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He folded out the Viking Ship - and won the competition

How much does the Oseberg Ship weigh? Carl Olav stole a march on 1,600 other competitors when he used a special method of calculation.

Photo: Lill-Ann Chepstow-Lusty

The Norwegian Museum of Cultural History’s competition to guess the weight of the ship has created huge enthusiasm. For three weeks the public have been betting on the weight of the world’s most beautiful Viking ship, and their proposals have been flooding in.
However, being an engineer with a head for mental arithmetic is obviously an advantage when it comes to calculating the weight of something. After giving the matter some serious consideration, Carl Olav Staff thought that the Oseberg Ship would weigh 4,226 kg - just 7 kilos short of the right answer, giving him a decisive victory.

“This competition got me going. Being a construction engineer I am used to thinking about weights and I wanted to find out how many cubic metres of timber would be needed to make a Viking ship,” says Mr. Staff.

He is now going to have to clear a place on the shelf at home to make space for the top prize - a handmade wooden model of the Oseberg Ship.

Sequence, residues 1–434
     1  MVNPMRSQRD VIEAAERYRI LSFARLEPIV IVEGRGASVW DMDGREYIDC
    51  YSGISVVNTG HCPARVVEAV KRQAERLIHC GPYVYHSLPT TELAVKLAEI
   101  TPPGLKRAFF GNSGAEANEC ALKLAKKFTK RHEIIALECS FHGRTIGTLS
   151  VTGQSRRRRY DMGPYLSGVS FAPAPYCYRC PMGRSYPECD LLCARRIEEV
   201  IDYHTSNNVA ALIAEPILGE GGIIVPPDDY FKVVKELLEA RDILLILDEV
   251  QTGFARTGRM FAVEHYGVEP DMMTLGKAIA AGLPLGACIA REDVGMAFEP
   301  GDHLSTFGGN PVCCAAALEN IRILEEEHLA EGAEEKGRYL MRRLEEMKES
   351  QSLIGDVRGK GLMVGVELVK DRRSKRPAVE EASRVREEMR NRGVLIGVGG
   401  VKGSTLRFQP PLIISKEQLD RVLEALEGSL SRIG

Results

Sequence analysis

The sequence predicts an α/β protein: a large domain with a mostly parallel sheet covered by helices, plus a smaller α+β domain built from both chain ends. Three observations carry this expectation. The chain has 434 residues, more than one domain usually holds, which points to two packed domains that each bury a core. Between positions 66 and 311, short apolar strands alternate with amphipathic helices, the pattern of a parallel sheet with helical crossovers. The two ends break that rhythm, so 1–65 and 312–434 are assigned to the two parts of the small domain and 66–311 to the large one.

Placed the Viking ship flat on the floor

Carl Olav Staff was on a business trip in Poland, accompanied by two colleagues from Selvaag, when they came across the competition on their mobile phones. During a 2.5 hour car journey to the housing giant’s factory to the east of Warszaw they arrived at their individual answers after discussing the matter.

“What did you do to figure out the weight?”

“The competition showed a ship which was 21.5 metres long and 5 metres wide. I thought that the side planks would cover an area of just over 100 square metres if the ship had been folded out flat on the floor. The planks are between 2 and 3 cm thick and I therefore knew that they accounted for 2-3 cubic metres of timber,” says Mr. Staff.

The hardest thing was to guess the weight of the ribs which hold the hull together. He guessed that their total weight would be somewhere between 400 and 500 kilos. Finally he added the weight of the deck, a wooden barrel and the 30 oars which were lying on board.

“Obviously there was a degree of guesswork involved, and I was worried that the weight I had guessed was too low. It’s absolutely amazing that I won the competition,” says Mr. Staff.

Viking ship on the move

In a few years’ time the Oseberg ship will be moving into the new Viking Age Museum. In order to prepare it for its last journey the Viking ship was weighed in January. Using a complicated system, the whole ship was raised one millimetre from the ground and its weight was recorded via a number of measuring points. The final total weight was 4,219 kilos.

Published Feb. 9, 2018 11:27 AM - Last modified Feb. 9, 2018 11:27 AM